Choctaw chickens multiply

Published 9:31 am Sunday, March 10, 2013

People who drive through to drop off their recyclables in the bins at the Choctaw Landfill probably don’t generally notice the delicate new items sitting atop a stack of bundled scrap paper in a far corner, but the folks who work there are aware and they’re being careful not to do damage.

It’s a matter of life and death. The items are a chicken and her brood.

On Tuesday, the resident hen was sitting on a clutch of eggs and some very recent hatchlings while recycling business went on across the room.

Washington Parish Solid Waste Supervisor Troy Barber, who runs the landfill, happily showed off the feathered family scene and said there have been chickens at Choctaw for some time.

According to him, years ago a man’s truck broke down and while it was idle his wife continued to use it as a trash receptacle. When the vehicle was fixed, the man drove it to the landfill to get rid of the garbage and found that one of his chickens had built a nest amidst the debris.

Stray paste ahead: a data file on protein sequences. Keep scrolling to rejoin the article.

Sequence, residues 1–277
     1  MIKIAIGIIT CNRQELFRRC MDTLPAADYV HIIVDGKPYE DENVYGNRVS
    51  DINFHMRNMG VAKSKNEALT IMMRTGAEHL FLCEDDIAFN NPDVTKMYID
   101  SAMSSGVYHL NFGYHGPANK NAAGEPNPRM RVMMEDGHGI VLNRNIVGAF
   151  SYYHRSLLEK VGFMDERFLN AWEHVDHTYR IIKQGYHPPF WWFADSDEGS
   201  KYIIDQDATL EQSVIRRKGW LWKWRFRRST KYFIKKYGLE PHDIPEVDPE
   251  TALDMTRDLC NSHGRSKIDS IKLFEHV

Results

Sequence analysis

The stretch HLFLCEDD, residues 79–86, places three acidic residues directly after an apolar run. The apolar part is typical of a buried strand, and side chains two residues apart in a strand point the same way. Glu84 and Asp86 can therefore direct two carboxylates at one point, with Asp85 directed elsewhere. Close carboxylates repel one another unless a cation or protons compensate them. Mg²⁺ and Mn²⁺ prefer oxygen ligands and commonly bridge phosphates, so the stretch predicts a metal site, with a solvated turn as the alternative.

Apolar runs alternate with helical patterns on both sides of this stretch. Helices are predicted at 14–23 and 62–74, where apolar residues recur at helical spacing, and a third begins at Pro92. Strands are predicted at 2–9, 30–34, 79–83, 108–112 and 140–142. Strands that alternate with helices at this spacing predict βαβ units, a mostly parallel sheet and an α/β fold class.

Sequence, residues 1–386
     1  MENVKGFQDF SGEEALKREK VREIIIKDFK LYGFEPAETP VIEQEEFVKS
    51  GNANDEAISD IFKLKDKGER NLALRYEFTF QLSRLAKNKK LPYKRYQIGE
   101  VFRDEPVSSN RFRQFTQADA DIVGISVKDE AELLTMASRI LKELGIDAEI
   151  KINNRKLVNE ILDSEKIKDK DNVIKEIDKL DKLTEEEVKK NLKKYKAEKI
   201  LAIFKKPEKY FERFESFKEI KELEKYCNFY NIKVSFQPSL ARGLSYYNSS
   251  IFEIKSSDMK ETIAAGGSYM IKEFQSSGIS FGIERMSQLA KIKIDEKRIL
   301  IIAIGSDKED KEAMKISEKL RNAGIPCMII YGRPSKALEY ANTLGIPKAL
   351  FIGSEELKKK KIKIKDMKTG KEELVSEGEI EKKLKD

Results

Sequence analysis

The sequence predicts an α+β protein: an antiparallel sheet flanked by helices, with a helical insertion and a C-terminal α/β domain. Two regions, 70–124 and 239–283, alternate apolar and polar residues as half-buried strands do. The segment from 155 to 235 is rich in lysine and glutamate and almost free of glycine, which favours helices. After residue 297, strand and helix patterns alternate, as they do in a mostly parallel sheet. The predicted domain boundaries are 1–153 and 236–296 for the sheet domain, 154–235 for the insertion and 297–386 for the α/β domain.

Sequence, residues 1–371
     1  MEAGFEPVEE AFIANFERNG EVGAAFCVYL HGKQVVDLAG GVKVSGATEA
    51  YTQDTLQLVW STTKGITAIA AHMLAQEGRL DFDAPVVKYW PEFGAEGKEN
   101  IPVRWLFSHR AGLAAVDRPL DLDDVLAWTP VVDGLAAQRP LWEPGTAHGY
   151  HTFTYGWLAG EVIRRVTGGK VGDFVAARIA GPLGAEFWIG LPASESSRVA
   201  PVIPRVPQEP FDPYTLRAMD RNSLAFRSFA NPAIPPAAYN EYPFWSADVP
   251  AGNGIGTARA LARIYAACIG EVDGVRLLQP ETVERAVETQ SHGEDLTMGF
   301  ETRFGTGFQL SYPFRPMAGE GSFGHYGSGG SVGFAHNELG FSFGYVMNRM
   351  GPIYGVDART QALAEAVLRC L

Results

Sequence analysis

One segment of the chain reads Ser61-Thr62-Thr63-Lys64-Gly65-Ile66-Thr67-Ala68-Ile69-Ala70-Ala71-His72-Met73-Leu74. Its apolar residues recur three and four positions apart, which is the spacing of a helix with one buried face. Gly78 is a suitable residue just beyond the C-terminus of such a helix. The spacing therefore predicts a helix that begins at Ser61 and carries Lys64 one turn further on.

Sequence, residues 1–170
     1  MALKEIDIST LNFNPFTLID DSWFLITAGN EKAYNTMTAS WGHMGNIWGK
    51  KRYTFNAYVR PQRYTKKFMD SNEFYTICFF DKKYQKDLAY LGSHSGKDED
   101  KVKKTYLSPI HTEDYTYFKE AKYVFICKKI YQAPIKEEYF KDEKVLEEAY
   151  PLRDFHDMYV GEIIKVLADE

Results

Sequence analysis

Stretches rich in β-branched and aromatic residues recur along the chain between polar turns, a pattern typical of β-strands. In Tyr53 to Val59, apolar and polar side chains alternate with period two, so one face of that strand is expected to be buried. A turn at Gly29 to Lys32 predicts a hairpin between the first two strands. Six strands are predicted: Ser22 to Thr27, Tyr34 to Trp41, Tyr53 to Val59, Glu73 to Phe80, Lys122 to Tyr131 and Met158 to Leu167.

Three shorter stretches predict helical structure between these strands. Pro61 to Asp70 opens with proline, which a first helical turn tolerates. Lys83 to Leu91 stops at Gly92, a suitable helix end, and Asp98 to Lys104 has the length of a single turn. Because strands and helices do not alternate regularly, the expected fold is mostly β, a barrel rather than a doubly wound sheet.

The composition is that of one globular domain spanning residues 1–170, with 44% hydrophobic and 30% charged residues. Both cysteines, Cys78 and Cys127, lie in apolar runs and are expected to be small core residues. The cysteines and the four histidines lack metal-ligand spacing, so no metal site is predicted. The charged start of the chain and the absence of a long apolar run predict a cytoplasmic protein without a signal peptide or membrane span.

The startled hen chose to flee rather than fight. She immediately disappeared into the woods, which might seem contrary to her lineage as a fancy fighting fowl.

The man returned to the landfill for days in hopes of reuniting with his chicken, then finally gave up, Barber said.

The hen came back.

Some time later, a kind-hearted local man dropped a rooster off on site to keep the hen from getting too lonesome, and before long the landfill was bustling with beak-bearing activity.

For a while, there were a lot of chickens at the landfill, Barber said. But the facility is located in a largely undeveloped area, and predators have thinned the flock to one rooster and one hen.

Still, life goes on, and now that pair has produced a whole new generation of Choctaw chickens.

Barber is hopeful for the flock.

“These are the survivors,” he proclaimed. “Their babies will be survivors.”